Praised be Jesus Christ!
Occasionally I get asked the question about what the Church really teaches about suicide. This question seems to be gaining increasing relevance. I recently came across an article that reported statistics released by the Centers for Disease Control. According to the CDC, between 1999 and 2014 there has been a 24% increase in the nation’s suicide rate, with 42,773 people ending their lives in 2014, compared with 29,199 in 1999. Most notably during that 15-year period, the suicide rate for girls age 10 to 14 had tripled, as well as there being a 63% increase for women ages 45 to 64.
Typically, factors leading someone to choose to end their life might include biological predispositions to serious depression, personality disorders, or environmental factors such as abuse or neglect. In addition to these factors, some researchers suspect the increased rate of suicide might also be influenced by digital communications, which may be transforming social attitudes about suicide. Researchers also suggest that there may be more factors in our country today that lead people to feel socially isolated, without hope and without options. These are just a few resources on suicide prevention and support for families of victims of suicide: Suicide Prevention Resource Center – sprc.org; Allianceofhope.org; Suicide.org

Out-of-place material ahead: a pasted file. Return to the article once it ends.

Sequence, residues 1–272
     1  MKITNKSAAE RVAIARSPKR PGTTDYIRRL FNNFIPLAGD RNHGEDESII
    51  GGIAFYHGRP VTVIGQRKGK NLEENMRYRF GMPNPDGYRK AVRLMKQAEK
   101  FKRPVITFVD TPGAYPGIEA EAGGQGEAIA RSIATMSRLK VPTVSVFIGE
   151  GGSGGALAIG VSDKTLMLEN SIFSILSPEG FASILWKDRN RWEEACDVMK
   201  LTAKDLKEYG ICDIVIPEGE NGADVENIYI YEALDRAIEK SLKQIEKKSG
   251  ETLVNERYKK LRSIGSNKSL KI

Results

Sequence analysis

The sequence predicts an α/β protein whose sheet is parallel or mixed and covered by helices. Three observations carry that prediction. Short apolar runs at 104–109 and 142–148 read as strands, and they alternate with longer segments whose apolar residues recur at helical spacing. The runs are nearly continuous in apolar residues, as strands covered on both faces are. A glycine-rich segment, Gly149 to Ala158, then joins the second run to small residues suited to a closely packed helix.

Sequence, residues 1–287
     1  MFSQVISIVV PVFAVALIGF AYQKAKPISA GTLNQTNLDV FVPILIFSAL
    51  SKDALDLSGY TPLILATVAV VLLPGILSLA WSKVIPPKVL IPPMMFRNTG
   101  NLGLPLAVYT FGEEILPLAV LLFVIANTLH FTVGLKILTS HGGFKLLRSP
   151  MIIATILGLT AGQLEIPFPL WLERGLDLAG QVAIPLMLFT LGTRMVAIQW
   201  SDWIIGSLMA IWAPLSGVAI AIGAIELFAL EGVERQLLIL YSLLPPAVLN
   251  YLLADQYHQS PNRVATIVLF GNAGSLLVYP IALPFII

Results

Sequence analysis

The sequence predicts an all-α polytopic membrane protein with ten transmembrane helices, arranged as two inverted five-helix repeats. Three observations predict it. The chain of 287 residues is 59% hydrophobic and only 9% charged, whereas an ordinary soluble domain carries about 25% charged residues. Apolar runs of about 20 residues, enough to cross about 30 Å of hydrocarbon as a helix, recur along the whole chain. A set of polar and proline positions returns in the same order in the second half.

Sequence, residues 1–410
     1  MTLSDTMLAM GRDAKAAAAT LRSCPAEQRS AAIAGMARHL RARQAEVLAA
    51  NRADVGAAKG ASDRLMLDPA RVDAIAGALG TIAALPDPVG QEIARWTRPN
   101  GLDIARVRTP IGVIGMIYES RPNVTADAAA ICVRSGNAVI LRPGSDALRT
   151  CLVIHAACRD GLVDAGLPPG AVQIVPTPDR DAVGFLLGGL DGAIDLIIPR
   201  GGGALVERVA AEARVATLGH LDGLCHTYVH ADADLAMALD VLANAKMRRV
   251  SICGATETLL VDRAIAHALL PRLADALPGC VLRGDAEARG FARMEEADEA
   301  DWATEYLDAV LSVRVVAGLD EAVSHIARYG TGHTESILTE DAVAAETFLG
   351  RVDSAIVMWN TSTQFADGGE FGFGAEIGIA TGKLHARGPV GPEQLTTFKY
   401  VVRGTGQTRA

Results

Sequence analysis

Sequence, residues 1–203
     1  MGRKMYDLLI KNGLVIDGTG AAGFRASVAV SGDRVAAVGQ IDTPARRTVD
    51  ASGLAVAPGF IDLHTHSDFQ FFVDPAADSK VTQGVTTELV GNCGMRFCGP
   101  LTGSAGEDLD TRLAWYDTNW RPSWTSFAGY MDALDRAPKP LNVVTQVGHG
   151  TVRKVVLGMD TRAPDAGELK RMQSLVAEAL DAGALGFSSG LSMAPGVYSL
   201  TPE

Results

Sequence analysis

The Catechism of the Catholic Church offers very clear teaching about suicide:
2280 Everyone is responsible for his life before God who has given it to him. It is God who remains the sovereign Master of life. We are obliged to accept life gratefully and preserve it for his honor and the salvation of our souls. We are stewards, not owners, of the life God has entrusted to us. It is not ours to dispose of.
2281 Suicide contradicts the natural inclination of the human being to preserve and perpetuate his life. It is gravely contrary to the just love of self. It likewise offends love of neighbor because it unjustly breaks the ties of solidarity with family, nation, and other human societies to which we continue to have obligations. Suicide is contrary to love for the living God.
2282 If suicide is committed with the intention of setting an example, especially to the young, it also takes on the gravity of scandal. Voluntary co-operation in suicide is contrary to the moral law. Grave psychological disturbances, anguish, or grave fear of hardship, suffering, or torture can diminish the responsibility of the one committing suicide. We should not despair of the eternal salvation of persons who have taken their own lives. By ways known to him alone, God can provide the opportunity for salutary repentance. The Church prays for persons who have taken their own lives.
It used to be that the Church’s Code of Canon Law mentioned suicide as an impediment to receiving Catholic funeral rites and burial. Such impediments would be applicable if they involved some sort of a denial of the Faith and/or there was no sign of repentance before death. Suicide was removed as an impediment in the Church’s revision of the law due to the teaching in the paragraph above about the importance of praying for those who have taken their lives, not despairing of their eternal salvation, but trusting in God’s great mercy and perfect judgment.